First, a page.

And yet it was such a rewarding season, so much fun. I was very thankful to be a part of that and I am very thankful to be a part of the winning tradition that has been in the East Bay for so many years. Right now, I’m not seeing any reason why that shouldn’t continue into next season. Even though they have lost a few key components, Barry and Frank Thomas, they have still got four very solid starting pitchers, including a 16-game winner who didn’t even start in the post-season, so I think there is a reason for much optimism that this team will be able to defend its West crown and hopefully have even more success in the post-season.
OC: From your perspective, how much do you think the team is going to miss Barry Zito and Frank Thomas, both from a performance perspective and a clubhouse perspective?
VC: I’ll take it one-by-one. Obviously, I wasn’t around Barry all six of his years with the team, although I am certainly aware of what he meant to the clubhouse, to the team and to the community and all of those things were top shelf. He was always very forthcoming with us, very available to us. Whenever we needed something – whether it was pre- or post-game – he was always willing to help and he always gave very insightful answers. For A’s fans, whether they are aware of it or not, they are very fortunate that they have a very forthcoming team for the most part. The guys are really speaking their minds as opposed to other situations I have been exposed to.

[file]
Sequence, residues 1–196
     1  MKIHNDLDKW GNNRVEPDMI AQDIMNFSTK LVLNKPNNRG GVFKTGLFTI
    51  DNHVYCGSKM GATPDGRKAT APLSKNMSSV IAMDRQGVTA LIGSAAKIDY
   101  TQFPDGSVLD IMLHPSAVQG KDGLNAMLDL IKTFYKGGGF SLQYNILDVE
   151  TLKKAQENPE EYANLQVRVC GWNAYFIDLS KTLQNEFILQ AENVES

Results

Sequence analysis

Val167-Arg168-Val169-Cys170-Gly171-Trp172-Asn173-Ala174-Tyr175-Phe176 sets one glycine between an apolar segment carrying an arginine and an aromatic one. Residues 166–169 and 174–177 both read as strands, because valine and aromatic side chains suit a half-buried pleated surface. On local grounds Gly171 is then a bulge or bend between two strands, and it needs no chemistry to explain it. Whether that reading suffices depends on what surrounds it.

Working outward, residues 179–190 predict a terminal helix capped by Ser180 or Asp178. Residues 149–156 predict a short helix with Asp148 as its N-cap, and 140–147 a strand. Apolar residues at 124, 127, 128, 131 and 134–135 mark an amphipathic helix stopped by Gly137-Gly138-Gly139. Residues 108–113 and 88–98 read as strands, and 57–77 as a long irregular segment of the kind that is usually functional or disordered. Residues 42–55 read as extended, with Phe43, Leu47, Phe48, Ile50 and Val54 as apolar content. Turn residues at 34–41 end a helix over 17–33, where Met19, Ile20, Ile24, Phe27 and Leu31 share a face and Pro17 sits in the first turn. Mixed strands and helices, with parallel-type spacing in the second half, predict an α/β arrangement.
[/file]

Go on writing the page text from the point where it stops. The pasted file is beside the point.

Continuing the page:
That aspect of Zito’s character [his forthcoming nature] will certainly be missed. But, you’ve got to remind yourself that Barry is part of a list of players who have been here and then left and the team has moved on and moved on successfully, so you have to hope that while you’ll miss Barry, that that trend continues. Barry took the ball every fifth day and you could almost pencil in 200 innings and 15 to 20 wins for him and that stuff will be missed, but, you know, that just means it is someone else’s time. Maybe it is time for Dan Haren to step forward or maybe it is time for Rich Harden to finally have that healthy, dominating season that people do expect from him. Things of that nature help to some extent to fill that void that Zito left. It doesn’t fill the void of who Barry was as a person, because he is a unique personality and a very polished player.